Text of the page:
Document Type

Thesis - Open Access

Award Date


Degree Name

Master of Science (MS)

Department / School

Natural Resource Management

First Advisor

A. Joshua Leffler


Arctic ecosystems, Nutrient cycling, PLFA, Soil Microbial ecology


Arctic microbial systems continue to get attention today as our understanding regarding their structure and function in a changing system is paramount to C feedbacks with warming and changes in precipitation. Plant communities and microbial community processes across the Arctic landscape are central to understanding tundra ecosystem processes because environmental conditions and plant community structure drive microbial cycling of soil organic matter. Here, we want to understand how soil microbial respiration, mineralization, biomass, and community composition are linked to three Alaskan tundra plant communities, namely Shrub, Tussock, and Sedge tundra and the seasonal variability in this system. A total of 64 points were visited between 2018 and 2019 within a spatial extent of ca. 44,800 km2. Soils were collected in March, June, July and September, homogenized, and incubated at realistic field temperatures to quantify soil microbial respiration (SMR) and potential N mineralization. Microbial C and N biomass were assessed through fumigation/extraction. PLFA extraction was used to assess microbial community structure (nmol/g) from Gram+ and Gram- bacteria, Actinomycetes and Fungi, among others. We found significant variation in both soil microbial structure and function across time and among plant communities. In March SMR rates were low but distinct in all plant communities, and N mineralization rates were the highest. In July SMR peaked for all plant communities, and for all but Tussock soil N immobilization rates peaked. Although soil microbial activity was high, overall microbial biomass as MBC, MBN and PLFA was at the lowest point in July. These results show the strong influence of seasonality where microbes are mineralizing inorganic N during winter and immobilizing inorganic N during the growing season. However, differences in soil microbial community structure among the three plant communities only accounted for about 10% of total variation which suggests that plant community drives a change in microbial function, but not a change in community-level microbial structure. Rather, similar microbial communities display different functions in terms of C and N cycling.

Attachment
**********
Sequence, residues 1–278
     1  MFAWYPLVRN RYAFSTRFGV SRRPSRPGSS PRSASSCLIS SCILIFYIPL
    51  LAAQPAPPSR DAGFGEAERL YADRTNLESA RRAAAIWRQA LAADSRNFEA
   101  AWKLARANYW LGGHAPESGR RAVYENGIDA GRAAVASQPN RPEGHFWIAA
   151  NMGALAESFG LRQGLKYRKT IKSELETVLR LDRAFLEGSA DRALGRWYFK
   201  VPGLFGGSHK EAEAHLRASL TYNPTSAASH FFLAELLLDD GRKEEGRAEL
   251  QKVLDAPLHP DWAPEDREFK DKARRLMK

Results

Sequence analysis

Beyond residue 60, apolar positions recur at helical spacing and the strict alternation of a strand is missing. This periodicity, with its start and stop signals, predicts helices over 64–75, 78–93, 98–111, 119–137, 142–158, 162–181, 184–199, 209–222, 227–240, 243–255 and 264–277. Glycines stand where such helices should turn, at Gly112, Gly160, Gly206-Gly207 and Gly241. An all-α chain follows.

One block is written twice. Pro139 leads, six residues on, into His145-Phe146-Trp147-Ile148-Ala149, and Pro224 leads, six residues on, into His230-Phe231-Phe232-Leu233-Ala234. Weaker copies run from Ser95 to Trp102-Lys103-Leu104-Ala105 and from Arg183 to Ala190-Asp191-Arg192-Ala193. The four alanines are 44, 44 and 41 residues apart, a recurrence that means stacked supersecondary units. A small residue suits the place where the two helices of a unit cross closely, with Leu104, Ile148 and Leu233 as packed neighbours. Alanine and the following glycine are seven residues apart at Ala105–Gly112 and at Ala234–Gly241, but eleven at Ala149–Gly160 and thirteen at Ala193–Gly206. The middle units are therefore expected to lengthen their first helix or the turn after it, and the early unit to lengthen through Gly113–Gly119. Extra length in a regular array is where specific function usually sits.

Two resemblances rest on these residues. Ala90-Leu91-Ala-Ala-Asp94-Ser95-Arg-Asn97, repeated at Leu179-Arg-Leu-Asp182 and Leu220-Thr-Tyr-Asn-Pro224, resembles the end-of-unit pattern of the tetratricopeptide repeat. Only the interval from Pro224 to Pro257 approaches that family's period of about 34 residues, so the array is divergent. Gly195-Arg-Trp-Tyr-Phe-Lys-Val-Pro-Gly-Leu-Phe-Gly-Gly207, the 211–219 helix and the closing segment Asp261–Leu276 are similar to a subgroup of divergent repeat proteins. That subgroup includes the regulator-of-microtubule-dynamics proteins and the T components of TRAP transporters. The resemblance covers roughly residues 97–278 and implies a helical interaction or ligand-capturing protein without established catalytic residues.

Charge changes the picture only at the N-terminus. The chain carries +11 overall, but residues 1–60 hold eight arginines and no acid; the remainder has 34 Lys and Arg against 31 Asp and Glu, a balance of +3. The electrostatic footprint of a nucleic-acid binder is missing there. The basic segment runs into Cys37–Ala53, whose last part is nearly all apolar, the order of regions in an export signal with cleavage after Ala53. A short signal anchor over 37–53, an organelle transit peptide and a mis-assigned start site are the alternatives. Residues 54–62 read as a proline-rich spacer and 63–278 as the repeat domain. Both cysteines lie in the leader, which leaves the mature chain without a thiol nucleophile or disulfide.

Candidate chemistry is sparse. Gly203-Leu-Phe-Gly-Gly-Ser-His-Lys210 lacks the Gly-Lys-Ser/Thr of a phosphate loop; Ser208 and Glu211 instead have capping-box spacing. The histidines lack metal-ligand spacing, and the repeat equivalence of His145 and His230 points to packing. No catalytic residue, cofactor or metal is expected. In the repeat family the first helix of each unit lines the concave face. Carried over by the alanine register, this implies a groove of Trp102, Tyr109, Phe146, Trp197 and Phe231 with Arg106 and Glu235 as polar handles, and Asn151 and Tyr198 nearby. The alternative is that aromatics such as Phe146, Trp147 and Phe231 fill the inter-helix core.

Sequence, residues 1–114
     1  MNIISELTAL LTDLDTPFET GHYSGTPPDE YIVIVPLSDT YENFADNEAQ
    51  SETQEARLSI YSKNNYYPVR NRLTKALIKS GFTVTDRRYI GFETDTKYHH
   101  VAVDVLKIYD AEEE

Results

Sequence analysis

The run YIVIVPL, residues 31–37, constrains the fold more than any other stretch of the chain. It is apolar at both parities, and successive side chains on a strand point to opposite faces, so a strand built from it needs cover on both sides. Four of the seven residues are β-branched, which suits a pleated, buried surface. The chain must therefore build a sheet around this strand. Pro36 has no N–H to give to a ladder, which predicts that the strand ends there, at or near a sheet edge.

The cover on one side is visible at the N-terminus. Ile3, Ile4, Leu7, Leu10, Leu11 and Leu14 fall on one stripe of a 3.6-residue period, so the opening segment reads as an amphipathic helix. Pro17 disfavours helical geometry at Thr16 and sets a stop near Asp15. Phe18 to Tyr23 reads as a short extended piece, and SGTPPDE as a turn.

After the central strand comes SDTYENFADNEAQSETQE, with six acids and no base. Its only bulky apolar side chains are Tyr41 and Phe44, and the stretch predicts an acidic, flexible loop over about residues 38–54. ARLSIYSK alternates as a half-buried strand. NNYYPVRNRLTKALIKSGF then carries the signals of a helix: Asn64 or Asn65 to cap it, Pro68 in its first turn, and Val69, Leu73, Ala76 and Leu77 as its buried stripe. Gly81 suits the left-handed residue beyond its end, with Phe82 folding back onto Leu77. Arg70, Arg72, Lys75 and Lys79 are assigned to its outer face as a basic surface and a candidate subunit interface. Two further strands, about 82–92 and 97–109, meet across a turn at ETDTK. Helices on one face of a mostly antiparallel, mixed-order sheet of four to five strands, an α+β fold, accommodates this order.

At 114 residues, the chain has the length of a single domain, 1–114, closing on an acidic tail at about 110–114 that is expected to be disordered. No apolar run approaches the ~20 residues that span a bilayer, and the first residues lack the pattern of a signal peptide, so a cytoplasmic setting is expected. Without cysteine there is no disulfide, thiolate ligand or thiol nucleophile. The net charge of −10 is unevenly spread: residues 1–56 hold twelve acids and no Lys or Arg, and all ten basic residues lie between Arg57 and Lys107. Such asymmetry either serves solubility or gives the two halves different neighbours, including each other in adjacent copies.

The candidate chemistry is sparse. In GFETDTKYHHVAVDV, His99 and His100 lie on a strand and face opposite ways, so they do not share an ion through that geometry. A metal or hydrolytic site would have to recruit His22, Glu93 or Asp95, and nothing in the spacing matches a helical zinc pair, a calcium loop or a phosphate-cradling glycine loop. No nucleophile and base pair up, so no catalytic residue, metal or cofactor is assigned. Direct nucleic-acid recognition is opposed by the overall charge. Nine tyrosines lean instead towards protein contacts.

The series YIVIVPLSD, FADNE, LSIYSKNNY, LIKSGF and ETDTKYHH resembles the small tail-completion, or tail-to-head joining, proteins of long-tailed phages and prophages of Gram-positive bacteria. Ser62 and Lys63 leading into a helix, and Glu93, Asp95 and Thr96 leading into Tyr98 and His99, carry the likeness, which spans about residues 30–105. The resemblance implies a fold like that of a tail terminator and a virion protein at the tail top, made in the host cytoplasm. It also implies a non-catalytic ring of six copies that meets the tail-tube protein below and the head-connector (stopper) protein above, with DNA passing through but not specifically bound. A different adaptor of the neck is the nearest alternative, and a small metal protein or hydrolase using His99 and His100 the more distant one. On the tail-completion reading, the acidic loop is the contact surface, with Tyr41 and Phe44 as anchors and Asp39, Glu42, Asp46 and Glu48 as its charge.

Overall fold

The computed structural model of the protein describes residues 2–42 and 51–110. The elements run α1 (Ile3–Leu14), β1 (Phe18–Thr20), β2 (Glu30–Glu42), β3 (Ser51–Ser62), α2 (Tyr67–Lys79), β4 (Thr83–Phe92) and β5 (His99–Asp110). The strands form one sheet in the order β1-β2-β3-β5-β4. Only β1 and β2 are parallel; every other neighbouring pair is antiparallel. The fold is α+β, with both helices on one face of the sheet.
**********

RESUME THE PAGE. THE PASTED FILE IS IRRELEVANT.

Library of Congress Subject Headings

Soil microbial ecology -- Arctic regions.
Soil microbial ecology -- Alaska -- North Slope.
Plant communities -- Arctic regions.
Plant communities -- Alaska -- North Slope.
Nutrient cycles.



Number of Pages



South Dakota State University



Rights Statement

In Copyright